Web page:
Motorola is once again trying to make your phone into a PC

(Image credit: Motorola)

Motorola is taking another stab at making mobile phones that can turn into desktop PCs a thing. 

The company has unveiled a new feature for its Edge+ smartphone, called Ready For, and it's essentially its version of the Samsung DeX, albeit with a few interesting perks of its own.

The idea is simple – connect your Motorola Edge+ smartphone to an external display (either a TV, a monitor, or a laptop / tablet) via either USB-C to USB-C cable, or a USB-C to an HDMI cable, and you can use your smartphone's operating system (Android 11), together with all of its apps, in the classic PC landscape mode.

Extra features

But that's not all - on April 19, the company will also release a dedicated docker for the phone, giving the Ready For platform a few additional perks. Once connected, users will be able to use the smartphone as either a second screen, an on-screen keyboard, or a touchpad.

It can also be used as a stand for video calls, enabling users to go for the high-quality rear cameras (108MP), instead of the usual front-facing ones. Motorola also promises that the camera will be able pan around to track the movement, making sure everyone is in frame, at all times. It also seems it would be able to zoom in and zoom out, depending on how many people are on the video call.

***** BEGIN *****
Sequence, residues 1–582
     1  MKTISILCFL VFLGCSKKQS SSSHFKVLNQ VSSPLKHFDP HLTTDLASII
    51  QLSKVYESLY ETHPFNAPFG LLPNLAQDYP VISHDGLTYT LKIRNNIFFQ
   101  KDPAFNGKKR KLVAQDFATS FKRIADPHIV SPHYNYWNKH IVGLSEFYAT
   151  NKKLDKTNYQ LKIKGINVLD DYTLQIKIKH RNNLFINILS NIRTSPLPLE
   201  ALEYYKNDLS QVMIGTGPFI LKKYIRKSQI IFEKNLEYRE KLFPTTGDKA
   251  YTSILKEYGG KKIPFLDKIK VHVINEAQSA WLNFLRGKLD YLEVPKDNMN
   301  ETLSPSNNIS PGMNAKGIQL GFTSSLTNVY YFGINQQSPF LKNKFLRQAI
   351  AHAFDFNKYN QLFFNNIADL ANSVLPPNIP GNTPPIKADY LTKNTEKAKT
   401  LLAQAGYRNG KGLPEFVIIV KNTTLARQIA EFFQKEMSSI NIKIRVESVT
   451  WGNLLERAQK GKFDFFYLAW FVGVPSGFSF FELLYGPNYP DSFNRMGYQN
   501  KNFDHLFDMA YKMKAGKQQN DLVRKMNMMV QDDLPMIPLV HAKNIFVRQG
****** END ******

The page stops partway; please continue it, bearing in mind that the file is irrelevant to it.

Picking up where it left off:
Motorola hopes people will use the Ready For platform for work, as well as entertainment. It says the platform allows wireless headphones and even game controllers to be connected for a console-like gaming experience. Furthermore, it says consumers will be able to use all the popular entertainment apps, such as Netflix or YouTube.

This is not the first time Motorola has attempted a mobile device that can also be a desktop PC. A decade ago, it released the Atrix 4G Laptop Dock, which was essentially a dumb laptop in which users could dock a smartphone, however it wasn’t a widely popular device.

Sead is a seasoned freelance journalist based in Sarajevo, Bosnia and Herzegovina. He writes about IT (cloud, IoT, 5G, VPN) and cybersecurity (ransomware, data breaches, laws and regulations). In his career, spanning more than a decade, he’s written for numerous media outlets, including Al Jazeera Balkans. He’s also held several modules on content writing for Represent Communications.